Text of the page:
Alfred Hitchcock’s Most Underrated Movies, Ranked

Over time, Alfred Hitchcock’s name has become synonymous with all things thrilling and suspenseful, to the point where he’s often dubbed as “Master of Suspense’. Throughout his varied filmography, Hitchcock played with different thematic elements such as the giving the audience a voyeuristic view of the narrative, sensitive sexuality and the inclusion of blondes, a lot of blondes. A firm believer in suspense over surprise, he often illustrated this point with a short aphorism “There’s two people having breakfast and there’s a bomb under the table. If it explodes, that’s a surprise, which will last 15 seconds, but if it doesn’t”, that’s suspense. Here are some of his most underrated movies, ranked.


10 Shadow of a Doubt (1943)

Universal Pictures

In a sea of masterpieces, a few gems tend to get overlooked. That’s been the case with Shadow of a Doubt. Staying true to his sense of suspense, the film revolves around Charlotte (Teresa Wright), who’s ordinary life bores her. Her spirits are lifted with the arrival of her charismatic uncle Charlie (Joseph Cotton), but soon ecstasy turns to dread as she finds a link between his erratic behavior and a serial killer’s killing spree.

Related: Alfred Hitchcock Called This His Best Movie, and Here’s Why

9 The Man Who Knew Too Much (1956)

A Still From The Man Who Knew Too Much
Paramount Pictures

When a family of three, vacationing in Morocco accidentally stumble upon an assassination plot, they soon find a target painted on their backs. To ensure the silence of the couple, their young child is kidnapped, forcing the duo to take matters into their own hands. This color remake by Hitchcock is based on the 1934 film of the same name, with a welcome addition of Hitchcockian terror.

Related: Best Alfred Hitchcock Films, Ranked

8 Frenzy (1972)

The 1972 British thriller film Frenzy
Universal Pictures

Frenzy revolves around a strange serial killer that haunts the streets of London, killing his targets with a necktie. The police identify Richard Blaney (Jon Finch), a man who lost his wife in a brutal murder, as the prime suspect, but they might be wrong. In this tense thriller, Hitchcock’s adds layers of sadism and misogyny before immersing the viewer into first degree suspense.

7 Lifeboat (1944)

A still from Lifeboat
20th Century Fox

Lifeboat is a survival film that’s based on a story by the famous American writer John Steinbeck. The movie follows a group of survivors that survive a Nazi torpedo ship attack who find themselves with the man responsible for sinking their ship. Lifeboat is one of Hitchcock’s most underrated movies that highlights human animosity while being pitched against nature’s ferocity.

6 Rope (1948)

Alfred Hitchcock's Rope
Warner Bros. Pictures

Having been shot as a movie without any cuts, Rope is a tense story of two men that commit a murder and host a celebratory dinner party, while the corpse of the victim lays beneath. Exuding a certainty of assurance and cockiness, the duo’s erratic behavior comes under scrutiny by a publisher, who then begins to probe them.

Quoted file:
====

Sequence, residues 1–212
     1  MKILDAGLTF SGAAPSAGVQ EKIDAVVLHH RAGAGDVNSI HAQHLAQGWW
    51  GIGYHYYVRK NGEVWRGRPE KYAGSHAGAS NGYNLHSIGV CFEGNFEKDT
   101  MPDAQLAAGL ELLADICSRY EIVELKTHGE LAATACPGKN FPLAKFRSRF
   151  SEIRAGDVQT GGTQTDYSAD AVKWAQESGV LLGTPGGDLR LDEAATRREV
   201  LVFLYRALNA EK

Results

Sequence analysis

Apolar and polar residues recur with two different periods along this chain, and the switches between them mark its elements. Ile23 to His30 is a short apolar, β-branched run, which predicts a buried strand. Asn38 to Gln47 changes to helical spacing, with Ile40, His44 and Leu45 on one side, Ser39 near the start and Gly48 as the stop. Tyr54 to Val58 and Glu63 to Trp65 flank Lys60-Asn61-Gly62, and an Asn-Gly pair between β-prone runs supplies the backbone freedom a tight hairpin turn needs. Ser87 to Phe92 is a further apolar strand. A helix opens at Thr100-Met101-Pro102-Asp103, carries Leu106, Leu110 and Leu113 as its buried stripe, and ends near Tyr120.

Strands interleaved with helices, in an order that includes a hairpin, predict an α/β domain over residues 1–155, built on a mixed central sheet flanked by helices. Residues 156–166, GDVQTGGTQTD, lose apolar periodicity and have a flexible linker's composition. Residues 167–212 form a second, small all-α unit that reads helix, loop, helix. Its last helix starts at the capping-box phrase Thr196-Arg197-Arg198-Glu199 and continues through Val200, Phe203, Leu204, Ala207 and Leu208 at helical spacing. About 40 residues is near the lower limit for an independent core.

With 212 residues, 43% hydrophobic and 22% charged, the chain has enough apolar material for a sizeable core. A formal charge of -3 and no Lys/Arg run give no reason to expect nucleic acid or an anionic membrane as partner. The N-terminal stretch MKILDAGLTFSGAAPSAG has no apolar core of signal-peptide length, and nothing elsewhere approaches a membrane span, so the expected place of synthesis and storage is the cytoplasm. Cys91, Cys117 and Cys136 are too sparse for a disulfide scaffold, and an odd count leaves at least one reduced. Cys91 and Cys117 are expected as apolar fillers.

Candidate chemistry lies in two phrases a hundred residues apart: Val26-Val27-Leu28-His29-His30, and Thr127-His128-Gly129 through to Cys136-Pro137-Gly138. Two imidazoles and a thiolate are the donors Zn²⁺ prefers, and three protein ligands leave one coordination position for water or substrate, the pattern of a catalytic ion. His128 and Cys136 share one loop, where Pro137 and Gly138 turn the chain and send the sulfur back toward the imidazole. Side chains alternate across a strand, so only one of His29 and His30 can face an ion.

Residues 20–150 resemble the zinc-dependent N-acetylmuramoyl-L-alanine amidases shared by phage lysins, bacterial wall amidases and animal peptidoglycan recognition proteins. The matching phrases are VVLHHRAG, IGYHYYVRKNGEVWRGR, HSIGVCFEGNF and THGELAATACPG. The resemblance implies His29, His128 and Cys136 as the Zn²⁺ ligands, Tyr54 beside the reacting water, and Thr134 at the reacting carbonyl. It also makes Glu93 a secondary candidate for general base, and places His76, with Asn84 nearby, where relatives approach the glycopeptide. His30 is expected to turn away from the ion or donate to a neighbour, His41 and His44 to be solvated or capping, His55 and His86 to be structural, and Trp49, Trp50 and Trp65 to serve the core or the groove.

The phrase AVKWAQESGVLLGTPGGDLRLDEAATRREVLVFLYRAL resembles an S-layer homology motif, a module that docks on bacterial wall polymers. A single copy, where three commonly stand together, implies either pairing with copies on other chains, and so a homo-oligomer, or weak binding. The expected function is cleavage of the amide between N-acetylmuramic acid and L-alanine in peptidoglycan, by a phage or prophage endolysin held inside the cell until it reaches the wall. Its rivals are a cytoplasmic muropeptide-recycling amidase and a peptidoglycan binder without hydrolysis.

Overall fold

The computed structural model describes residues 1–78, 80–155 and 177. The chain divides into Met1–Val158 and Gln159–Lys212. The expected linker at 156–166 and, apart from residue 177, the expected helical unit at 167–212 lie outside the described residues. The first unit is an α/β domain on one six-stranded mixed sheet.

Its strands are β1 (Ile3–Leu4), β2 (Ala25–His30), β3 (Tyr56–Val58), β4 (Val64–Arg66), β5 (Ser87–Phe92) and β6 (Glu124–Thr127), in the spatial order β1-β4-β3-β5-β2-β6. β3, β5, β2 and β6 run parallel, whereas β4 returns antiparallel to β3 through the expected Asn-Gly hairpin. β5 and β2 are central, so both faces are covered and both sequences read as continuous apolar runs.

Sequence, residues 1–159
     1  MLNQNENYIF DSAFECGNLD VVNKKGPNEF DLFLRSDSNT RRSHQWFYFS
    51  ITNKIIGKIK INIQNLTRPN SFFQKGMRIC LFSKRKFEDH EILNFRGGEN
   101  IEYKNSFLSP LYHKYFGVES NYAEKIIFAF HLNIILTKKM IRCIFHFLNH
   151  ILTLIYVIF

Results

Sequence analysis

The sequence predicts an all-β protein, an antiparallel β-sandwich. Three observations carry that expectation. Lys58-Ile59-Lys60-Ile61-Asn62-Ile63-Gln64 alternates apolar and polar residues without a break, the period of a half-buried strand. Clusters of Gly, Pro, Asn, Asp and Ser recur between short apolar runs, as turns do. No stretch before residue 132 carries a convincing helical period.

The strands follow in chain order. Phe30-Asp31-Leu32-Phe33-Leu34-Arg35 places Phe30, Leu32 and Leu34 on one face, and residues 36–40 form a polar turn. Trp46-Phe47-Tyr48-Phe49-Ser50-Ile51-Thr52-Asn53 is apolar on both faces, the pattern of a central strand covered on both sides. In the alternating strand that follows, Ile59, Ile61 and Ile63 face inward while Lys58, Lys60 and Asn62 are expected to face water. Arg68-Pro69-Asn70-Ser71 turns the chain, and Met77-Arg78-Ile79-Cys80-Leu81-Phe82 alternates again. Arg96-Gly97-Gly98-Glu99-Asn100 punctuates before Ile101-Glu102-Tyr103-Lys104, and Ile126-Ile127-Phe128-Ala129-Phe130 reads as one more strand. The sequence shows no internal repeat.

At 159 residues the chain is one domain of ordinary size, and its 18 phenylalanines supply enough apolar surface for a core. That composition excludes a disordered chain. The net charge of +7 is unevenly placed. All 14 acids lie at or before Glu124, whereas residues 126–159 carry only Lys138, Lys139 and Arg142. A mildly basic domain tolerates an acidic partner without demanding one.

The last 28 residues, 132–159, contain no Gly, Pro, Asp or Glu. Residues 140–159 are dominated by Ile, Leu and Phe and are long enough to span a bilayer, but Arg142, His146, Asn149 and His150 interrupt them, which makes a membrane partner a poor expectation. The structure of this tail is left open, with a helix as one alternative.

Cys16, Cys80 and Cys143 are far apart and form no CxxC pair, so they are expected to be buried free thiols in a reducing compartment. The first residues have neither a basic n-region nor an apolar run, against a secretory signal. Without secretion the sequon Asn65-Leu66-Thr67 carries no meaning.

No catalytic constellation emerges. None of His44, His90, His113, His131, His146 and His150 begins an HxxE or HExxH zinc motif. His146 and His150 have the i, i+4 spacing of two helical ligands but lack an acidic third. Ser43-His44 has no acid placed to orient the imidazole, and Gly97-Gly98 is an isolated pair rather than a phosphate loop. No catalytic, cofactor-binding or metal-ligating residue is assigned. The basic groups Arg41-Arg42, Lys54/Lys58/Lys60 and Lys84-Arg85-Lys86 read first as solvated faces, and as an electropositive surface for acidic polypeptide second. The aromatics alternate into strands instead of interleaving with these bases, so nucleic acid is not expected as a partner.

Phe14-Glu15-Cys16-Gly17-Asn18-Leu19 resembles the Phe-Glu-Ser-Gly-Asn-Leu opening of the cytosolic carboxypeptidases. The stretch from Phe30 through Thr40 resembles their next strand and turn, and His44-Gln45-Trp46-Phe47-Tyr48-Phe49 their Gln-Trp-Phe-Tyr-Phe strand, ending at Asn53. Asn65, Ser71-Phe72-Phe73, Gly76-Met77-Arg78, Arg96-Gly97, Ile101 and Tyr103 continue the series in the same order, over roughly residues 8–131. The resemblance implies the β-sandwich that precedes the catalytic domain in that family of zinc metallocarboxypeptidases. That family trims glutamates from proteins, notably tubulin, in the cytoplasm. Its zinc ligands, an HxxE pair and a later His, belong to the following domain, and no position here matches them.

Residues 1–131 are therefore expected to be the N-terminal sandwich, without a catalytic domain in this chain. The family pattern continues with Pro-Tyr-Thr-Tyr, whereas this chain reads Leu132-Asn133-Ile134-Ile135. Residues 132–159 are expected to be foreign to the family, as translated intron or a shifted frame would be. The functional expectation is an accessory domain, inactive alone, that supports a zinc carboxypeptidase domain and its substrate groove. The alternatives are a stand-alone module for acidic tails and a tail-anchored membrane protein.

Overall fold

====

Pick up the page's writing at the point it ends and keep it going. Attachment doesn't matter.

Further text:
5 Strangers on a Train (1951)

Strangers on a Train
Warner Bros.

Using the happenings of fate as building blocks to base the narrative on, Hitchcock juxtaposes two different people belonging to two different walks of life, holding the key to each other’s dilemma. When amateur tennis star Guy Haines, confides in a stranger on a train that he wants to divorce his promiscuous wife, serial smooth talking psychopath Bruno Antony offers a solution in the form of murder.

4 Dial M For Murder (1954)

Kelly on the phone and someone ready to strangle her in Dial M For Murder
Warner Bros.

Dial M For Murder revolves around similar narrative themes as Strangers on a Train. With a heavy dose of infidelity, greed and violence, the film follows Tony Wendice, a retired tennis player who is married to a wealthy socialite. Tony finds out about his wife’s affair with a writer and blackmails and old friend to execute the murder; when that goes wrong, Tony shifts his efforts focussing on framing her for murder.

Related: The Best Performances in Alfred Hitchcock’s Movies, Ranked

3 North by Northwest (1959)

North by NorthWest (1959)

When AD man, Roger Thornhill is mistaken for a spy, a deadly cross-country chase is triggered that involves blondes, enemy spies and the police. A classic tale of the chaos that ensues after a simple case of mistaken identity, North By Northwest is one of Hitchcock’s most thrilling and high octane films.

2 Rear Window (1954)

Jimmy Stewart in Rear Window (1954)
Paramount Pictures

Serving as a murder mystery that’s more brainy and passive, Rear Window is a masterpiece in building suspense through the sporadic injection of logic. The plot follows a photographer who’s bound to his wheelchair after suffering an accident on a work trip. With not a lot going on, he begins looking out of his window for entertainment before witnessing a murder. Hitchcock tastefully traps the audience inside the photographer’s point of view, making the film a claustrophobic, yet rewarding watch.

1 The Birds (1963)

Tippi Hedren as Melanie Daniels
Universal-International Pictures

The Birds is a terrifying film that mounts an all-out assault on the viewers’ senses. The truly terrifying part about the film lies in its realistic yet unexplained point of conflict, the assembly, and attack of birds. The plot follows Mitch, a lawyer who visits his family in Bodega Bay, only to be surprised by the arrival of a passing case of infatuation in the form of a rich socialite, Melanie. Along with Melanie, comes the arrival of a vast number of birds that start attacking the citizens of the Bay, causing mayhem and chaos everywhere.